Cribbage returned to Offshore Ale last Sunday in a tournament hosted by Jake Gifford, co-owner of the Lazy Frog. Kate Medeiros of Vineyard Haven outplayed a field of 12 competitors from across the Island to take first place, while Tony Rezendes of West Tisbury placed second. They received $30 and $20 gift certificates, respectively, to Offshore Ale.
Erin Hepfner, who came to the Vineyard from Maine, and now works at Polly Hill Arboretum, may not have won anything Sunday, but nevertheless she enjoyed herself.
“I was very pleased that Jake, [co-]owner of Lazy Frog, and Offshore Ale once again hosted the event,” she said in an email to The Times. “I am appreciative that businesses like Lazy Frog and Offshore collaborate to provide the community with unique activities in the winter. I enjoyed seeing familiar and new faces from last year’s cribbage games. As much fun as I have playing cribbage, it’s also nice to meet new folks and to catch up with people I might not see otherwise.”
Winner Kate Medeiros is no stranger to the game. In an email to The Times she said, “I’ve been playing since fifth grade, when I was taught in math class, and I continued playing with my mother and friends ever since. It’s rewarding to play a game that involves both luck and technique. A lot of it is based on the cards you’re dealt, but there is a level of skill and control wrapped up in how you play those cards you’re given.”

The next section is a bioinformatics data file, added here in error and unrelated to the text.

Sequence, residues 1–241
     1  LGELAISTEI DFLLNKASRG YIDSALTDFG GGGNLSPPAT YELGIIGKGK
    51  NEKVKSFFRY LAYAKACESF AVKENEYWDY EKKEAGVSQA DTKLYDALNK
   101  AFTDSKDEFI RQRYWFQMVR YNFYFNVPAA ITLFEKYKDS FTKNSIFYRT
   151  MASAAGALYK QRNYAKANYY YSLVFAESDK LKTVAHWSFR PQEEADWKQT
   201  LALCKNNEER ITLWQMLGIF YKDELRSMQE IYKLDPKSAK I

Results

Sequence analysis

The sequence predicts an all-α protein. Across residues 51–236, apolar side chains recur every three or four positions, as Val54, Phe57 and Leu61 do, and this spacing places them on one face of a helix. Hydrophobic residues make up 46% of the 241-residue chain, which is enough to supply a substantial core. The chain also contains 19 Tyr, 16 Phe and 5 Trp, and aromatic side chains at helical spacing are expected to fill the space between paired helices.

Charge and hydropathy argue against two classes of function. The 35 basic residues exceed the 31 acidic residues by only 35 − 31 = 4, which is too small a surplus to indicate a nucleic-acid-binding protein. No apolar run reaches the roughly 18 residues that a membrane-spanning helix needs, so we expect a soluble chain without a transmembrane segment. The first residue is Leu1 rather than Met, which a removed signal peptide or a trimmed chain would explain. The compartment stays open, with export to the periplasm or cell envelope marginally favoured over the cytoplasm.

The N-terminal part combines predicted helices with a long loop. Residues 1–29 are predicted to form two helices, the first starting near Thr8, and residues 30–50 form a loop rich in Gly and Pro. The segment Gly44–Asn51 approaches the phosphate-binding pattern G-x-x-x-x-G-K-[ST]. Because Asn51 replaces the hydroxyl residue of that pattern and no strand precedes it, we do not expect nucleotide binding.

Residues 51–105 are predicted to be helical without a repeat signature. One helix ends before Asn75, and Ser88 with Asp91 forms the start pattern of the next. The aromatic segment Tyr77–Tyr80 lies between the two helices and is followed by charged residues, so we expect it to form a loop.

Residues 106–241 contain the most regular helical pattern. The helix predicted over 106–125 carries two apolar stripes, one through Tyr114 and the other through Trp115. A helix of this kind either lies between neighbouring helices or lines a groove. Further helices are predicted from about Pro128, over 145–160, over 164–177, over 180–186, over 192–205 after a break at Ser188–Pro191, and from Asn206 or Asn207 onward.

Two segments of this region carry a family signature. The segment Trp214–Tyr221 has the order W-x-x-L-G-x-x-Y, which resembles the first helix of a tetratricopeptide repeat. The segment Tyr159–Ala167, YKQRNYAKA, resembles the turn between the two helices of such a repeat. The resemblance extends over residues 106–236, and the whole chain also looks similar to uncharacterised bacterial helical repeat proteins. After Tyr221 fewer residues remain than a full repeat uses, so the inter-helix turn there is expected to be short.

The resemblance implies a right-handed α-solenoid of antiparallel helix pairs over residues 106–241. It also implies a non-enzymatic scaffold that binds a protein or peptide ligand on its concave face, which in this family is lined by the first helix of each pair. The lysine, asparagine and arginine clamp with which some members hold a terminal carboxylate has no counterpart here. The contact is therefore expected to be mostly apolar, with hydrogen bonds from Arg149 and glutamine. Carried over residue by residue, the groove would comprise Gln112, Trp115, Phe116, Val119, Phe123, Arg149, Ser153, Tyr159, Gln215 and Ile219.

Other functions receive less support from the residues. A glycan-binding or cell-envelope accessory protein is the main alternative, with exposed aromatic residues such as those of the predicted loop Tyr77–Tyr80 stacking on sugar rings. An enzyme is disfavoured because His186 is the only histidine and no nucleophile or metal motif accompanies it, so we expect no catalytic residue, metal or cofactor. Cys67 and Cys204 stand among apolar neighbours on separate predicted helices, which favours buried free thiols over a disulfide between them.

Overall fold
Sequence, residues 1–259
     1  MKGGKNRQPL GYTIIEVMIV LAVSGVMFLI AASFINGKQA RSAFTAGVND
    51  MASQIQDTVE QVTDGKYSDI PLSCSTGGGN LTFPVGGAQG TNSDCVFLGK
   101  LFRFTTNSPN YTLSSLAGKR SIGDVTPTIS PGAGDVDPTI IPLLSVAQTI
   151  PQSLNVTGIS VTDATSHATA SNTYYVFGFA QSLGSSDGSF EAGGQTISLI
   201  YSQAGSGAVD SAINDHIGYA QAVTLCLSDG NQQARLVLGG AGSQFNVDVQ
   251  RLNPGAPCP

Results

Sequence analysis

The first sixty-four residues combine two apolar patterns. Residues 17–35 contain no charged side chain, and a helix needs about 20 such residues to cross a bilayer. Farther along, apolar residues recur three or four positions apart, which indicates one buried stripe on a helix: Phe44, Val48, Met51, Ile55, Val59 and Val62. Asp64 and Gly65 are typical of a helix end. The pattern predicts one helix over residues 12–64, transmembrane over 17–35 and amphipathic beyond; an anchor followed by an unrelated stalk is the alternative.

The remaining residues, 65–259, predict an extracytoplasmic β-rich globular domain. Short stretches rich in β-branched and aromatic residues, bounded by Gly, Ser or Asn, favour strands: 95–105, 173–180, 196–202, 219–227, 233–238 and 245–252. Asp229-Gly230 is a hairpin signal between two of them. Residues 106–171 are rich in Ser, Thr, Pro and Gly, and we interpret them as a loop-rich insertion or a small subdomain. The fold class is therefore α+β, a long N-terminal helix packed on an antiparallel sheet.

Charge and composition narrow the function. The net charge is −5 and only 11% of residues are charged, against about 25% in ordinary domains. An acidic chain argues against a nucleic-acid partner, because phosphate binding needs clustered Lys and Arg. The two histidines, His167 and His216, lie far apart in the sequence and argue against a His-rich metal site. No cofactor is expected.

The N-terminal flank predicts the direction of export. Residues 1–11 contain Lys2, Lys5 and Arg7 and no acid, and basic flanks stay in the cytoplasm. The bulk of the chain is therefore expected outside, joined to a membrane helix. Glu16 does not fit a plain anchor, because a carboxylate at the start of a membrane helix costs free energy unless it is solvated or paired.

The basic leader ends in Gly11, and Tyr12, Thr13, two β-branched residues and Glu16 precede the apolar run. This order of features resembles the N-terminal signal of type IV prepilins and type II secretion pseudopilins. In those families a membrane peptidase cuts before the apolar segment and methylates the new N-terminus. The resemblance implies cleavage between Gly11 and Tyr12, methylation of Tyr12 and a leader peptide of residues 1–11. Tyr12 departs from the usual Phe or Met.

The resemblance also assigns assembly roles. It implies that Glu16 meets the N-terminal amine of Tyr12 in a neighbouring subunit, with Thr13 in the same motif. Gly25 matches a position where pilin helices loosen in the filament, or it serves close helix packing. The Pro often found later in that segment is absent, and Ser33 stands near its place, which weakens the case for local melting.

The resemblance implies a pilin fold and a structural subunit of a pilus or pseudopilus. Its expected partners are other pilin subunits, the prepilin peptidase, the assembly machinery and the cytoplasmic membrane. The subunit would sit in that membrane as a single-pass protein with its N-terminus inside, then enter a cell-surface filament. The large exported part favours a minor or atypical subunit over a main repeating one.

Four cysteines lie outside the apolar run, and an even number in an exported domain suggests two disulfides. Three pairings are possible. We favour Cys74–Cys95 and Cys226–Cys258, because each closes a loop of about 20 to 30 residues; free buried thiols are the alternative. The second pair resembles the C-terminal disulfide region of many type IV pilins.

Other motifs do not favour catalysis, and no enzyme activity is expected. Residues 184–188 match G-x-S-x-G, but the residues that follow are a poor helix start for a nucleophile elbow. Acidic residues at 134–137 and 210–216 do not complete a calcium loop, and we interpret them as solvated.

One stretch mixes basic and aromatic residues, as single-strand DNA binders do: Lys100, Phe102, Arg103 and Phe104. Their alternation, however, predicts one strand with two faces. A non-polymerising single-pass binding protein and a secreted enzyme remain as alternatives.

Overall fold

For Tony Rezendes, who co-owns the Square Rigger restaurant in Edgartown, cribbage is a daily activity. Each morning, over coffee, he plays Shirley Howell at Alley’s. He holds a lot of respect for her prowess at the game.
“She knows how to play,” he said in a telephone interview with The Times.
In the late ’60s, as a member of the now defunct Chilmark Cribbage League, Mr. Rezendes squared off against Lenny Jason (Edgartown’s longtime building inspector), as well as late Islanders Jim Howell, David Flanders, and Oscar Flanders.
Mr. Rezendes said he was the last member to ever win 12 games in a row in the league, a streak that brought him a set of silver cribbage pegs previously held by Louis Larson. Mr. Rezendes said the cherished pegs are still with him.
Jessie Holtham, operations manager at Offshore Ale and a Down East transplant like her friend Erin Hepfner, came to play in the tournament on her day off.
“Cribbage has a lot of pub-play history,” she said in an email to The Times. “I grew up in Maine, where cribbage is a serious barroom pastime. It was a natural fit that Jake from the Lazy Frog Shop would be Offshore’s cribbage tournament host. He is fun and enthusiastic, but most important, he has mastered the rules.”
Ms. Holtham pointed out that the day of the week that cribbage is now held at Offshore Ale is different from last year, but that doesn’t seemed to have hampered attendance. Even in the doldrums of winter, the tournament managed to draw spectators as well as competitors.
“This season’s first cribbage tournament saw many repeat fans from 2014 and a few new faces,” she said. “There were also the curious folk who came to watch but not play. We switched from Thursday evenings in 2014 to Sunday afternoons in 2015. There are only four more Sundays of cribbage at Offshore left this season (Sundays in March 2015). If the event grows in popularity and there is a demand for Cribbage Sundays, then Offshore and host Jake Gifford will consider adding more dates.”
Mr. Gifford, who sells cribbage boards and pegs along with playing cards at his shop, hopes new folks will venture to Offshore this Sunday to play some cribbage.
“Cribbage is a great game because it involves both strategy and luck,” he said. “It is most commonly played with two, three, or four players. All players, beginner to advanced, are welcome to show up on Sundays at Offshore from 2:30 to 5 pm to learn, compete, or just to watch how the games are played. It’s free to play, and prizes will be awarded to the top three players!”